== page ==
BOUNDARY 1899 (or 1890)

GREAT WESTERN RAILWAY CO

(Mike Gahan)

Boundary Stone.

This is in a private garden in Park Road. Please respect the privacy of the residents.

Previous occupants of the house salvaged the stone which used to lie at the end of the lane. The owner of the lane was about to throw it away as part of some development.

(Mike Gahan)

Further down Drayton Bridge Road is the site of the present Drayton Manor High School where Park House once stood. The estate covered the whole of the land northwards, over Cuckoo Hill and down to the Ruislip Road. In the early 1800’s it was owned by Sir Archibald MacDonald, Chief Baron of the Exchequer. Benjamin Sharpe bought it in 1848 and it passed to his son, Sir Montague Sharpe in 1883. It was pulled down about 1912. Take the walkway on the right after the bridge into Copley Close.
Copley Close. Sir John Copley, Lord Lyndhurst born 1772, Chancellor of the Exchequer 1830 -4, lived in Hanwell. As we walk along Copley Close we pass Bordars Road.
If you were to walk along Bordars Road and look up Cuckoo Avenue you can see what is left of the Central London District School (Cuckoo Schools) The school was opened in the mid 19th century (1856) to take children from the workhouses of central London and Southwark. The 1,000 children who were settled there, together with members of staff doubled the population of Hanwell overnight. Apart from the reception block, which still remains as a Community Centre, it was pulled down in 1933 to make way for the council to build an estate - the Cuckoo Estate. The most famous of the Cuckoo Schools’ children was Charlie Chaplin.
Mill Hill Field stood further west of the school and was named because of the WINDMILL. built there by the Abbot of Westminster (Richard de Crokesley) about 1250. It was pulled down in 1330, but the name remained for hundreds of years. Leaving Copley Close by the path to Ruislip Road East, turn right and cross Ruisllp Road East cross at the zebra crossing. Before the river take a rough path under the bridge arch. Where the bridge crosses the river is the northeast corner of the Parish. 

Near here is another BOUNDARY STONE located about 1 meter north of the footpath and reads; "xxxxx PARISH 1889" where "xxxxx" has been chiselled out. The path follows close to the road until you are opposite Greenford Avenue.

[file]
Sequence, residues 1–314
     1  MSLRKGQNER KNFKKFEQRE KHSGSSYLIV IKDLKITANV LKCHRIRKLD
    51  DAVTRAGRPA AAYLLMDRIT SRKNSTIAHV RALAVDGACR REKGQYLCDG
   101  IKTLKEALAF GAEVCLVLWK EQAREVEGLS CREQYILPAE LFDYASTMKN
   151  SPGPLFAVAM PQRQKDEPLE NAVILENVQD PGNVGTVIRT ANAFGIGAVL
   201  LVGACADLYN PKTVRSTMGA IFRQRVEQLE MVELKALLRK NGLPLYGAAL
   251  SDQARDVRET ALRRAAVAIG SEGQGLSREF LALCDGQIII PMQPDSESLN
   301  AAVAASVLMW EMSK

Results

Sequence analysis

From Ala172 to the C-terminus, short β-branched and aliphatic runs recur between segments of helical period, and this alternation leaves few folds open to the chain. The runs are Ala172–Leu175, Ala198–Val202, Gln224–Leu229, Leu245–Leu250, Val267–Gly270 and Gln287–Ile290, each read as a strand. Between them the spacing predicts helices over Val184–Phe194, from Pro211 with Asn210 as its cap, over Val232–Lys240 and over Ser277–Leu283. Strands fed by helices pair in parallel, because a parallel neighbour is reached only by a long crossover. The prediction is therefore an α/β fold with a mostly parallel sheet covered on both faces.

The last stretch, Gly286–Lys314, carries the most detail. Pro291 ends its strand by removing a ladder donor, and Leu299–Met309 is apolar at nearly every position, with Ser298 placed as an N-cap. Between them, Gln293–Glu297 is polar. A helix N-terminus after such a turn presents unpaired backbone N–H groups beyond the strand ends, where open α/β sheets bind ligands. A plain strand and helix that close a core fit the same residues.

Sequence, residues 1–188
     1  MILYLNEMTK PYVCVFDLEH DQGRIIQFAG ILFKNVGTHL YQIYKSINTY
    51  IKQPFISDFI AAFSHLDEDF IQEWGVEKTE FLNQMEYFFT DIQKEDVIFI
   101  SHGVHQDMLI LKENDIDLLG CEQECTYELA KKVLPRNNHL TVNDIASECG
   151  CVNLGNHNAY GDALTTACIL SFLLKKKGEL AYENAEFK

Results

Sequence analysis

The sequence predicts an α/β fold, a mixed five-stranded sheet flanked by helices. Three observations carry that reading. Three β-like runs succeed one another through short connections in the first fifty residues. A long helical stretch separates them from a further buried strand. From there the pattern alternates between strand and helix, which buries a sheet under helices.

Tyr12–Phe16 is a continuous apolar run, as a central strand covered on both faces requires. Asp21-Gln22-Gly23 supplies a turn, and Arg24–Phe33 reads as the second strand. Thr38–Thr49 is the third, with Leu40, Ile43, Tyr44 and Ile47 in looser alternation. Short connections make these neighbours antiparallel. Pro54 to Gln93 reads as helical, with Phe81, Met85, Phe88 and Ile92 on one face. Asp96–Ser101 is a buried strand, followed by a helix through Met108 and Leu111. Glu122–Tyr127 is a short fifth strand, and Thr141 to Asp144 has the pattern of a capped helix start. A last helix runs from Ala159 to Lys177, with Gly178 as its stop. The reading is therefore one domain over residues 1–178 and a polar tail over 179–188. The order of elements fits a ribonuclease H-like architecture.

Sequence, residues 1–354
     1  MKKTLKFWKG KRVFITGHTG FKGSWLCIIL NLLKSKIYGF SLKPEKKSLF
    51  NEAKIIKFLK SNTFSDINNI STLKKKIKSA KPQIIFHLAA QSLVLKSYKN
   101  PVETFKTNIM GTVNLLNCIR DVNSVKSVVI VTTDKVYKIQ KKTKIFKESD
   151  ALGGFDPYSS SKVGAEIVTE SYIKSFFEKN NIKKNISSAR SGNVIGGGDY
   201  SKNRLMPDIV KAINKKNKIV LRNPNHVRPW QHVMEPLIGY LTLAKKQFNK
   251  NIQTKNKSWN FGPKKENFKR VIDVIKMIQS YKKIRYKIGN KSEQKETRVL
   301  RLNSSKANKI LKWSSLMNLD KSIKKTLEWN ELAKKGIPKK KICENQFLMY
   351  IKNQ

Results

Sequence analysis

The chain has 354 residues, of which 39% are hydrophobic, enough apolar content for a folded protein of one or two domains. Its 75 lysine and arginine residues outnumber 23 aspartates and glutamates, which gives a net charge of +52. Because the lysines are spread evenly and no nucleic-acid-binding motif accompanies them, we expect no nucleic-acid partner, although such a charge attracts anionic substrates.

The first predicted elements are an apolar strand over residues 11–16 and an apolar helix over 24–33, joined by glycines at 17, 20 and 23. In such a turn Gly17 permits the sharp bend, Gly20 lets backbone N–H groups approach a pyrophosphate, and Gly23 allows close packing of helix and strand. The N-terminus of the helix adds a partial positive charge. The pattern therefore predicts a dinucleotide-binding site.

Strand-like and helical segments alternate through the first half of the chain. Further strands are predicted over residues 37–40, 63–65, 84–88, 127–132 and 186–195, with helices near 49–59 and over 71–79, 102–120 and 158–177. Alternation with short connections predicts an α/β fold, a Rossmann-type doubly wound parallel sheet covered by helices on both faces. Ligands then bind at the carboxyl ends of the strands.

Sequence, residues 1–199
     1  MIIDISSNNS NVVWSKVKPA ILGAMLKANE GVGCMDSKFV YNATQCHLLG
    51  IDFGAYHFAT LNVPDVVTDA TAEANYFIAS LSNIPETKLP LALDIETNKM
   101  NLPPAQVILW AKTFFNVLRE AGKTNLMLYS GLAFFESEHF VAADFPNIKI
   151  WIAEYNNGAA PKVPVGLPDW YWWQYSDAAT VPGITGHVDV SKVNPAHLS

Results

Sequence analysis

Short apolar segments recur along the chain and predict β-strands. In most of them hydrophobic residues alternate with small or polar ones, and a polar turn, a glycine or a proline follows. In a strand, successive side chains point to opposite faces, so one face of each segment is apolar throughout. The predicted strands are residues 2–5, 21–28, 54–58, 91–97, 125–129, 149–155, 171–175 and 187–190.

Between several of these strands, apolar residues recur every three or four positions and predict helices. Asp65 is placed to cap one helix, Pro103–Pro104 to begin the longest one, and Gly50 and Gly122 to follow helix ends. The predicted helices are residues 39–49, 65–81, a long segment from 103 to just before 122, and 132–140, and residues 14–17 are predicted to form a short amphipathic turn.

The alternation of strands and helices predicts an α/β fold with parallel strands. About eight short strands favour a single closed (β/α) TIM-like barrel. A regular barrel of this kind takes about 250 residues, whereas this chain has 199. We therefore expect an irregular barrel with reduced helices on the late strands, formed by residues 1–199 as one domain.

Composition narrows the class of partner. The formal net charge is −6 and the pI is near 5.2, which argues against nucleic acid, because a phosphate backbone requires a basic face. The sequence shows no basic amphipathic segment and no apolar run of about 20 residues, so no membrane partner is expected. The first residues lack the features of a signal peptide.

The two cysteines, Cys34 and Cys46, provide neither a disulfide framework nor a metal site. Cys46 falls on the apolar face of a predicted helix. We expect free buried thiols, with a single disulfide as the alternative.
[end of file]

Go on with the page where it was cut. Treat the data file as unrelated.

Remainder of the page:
At this point over the river stood STICKLETON BRIDGE built, it is believed, to enable people from Greenford and Perivale to bring their corn across the Brent to be ground into flour at the mill on Cuckoo Hill. In 1339 there was a petition made to the King’s Court to make the Abbot repair the bridge because the former rector of Perivale and two parishioners had been swept away and drowned. It was moved to its present site in 1652 and is now known as Greenford Bridge.
Looking up Greenford Avenue the road rises to Cuckoo Hill at the top. In the 6~ century, this was the site of a BATTLEFIELD. The battle was between the Romano-British and an invading band of West Saxons. As a result, what is now Grove Avenue became known as Bloody Croft. The Domesday Book shows the hill being covered by woodland, which provided feeding for 50 pigs (i.e. acorns etc.) During the reign of Queen Elizabeth 1 (1558-1603) the woods were cut down and cleared for the growing of wheat to be sold in London. Head down to the river and follow it as closely as possibly until Greenford Bridge. The pathway runs on the Hanwell side of the river. Cross the bridge and rejoin the pathway along side the river.
The River Brent has never been a navigable river but through history it has created a difficult to cross boundary. Rising in Mill Hill, North London, it flows close to the North Circular Road through Perivale and Hanwell before flowing into the Thames at Brentford. It has been straightened considerably to reduce the chance of flooding such as that which covered the streets of Perivale in 1901. Continue along the river and you can see how the river has been strengthened to make an island. Cross the river at the first bridge. Halfway over the bridge marks the old boundary. Keep to the path on the left going through the golf course. Follow the path until you reach the small brook and you will find the sixth BOUNDARY STONE to your left. Follow the river closely as possible and eventually you will come to Bowles Bridge.

Bowles Bridge (or Boles or Bulls) is thought to be named after John Bowles who owned Dormers Wells Manor) now Dormers Wells) in the reign of Elizabeth 1. The Romans may have previously used this crossing. A Roman inscribed stone was found in the garden of "The Hemitage" nearby. Crossing Bowles Bridge, turn immediately right into the Bunny Park.

St Mary’s Church is now visible — site of the ORIGINAL SETTLEMENT OF HANWELL VILLAGE. The first record of the church is in the 12th century, although there may have been a church there quite a while before then. It was re-built in 1782 but became too small and the present church was built in 1841 by the famous architect Sir George Gilbert Scott.

Churchfields was one of the three great fields, which were cultivated in rotation in medieval times. It was eventually purchased by the council and opened as a public park in 1898— "to preserve the hillside and river valley around the church, free of buildings".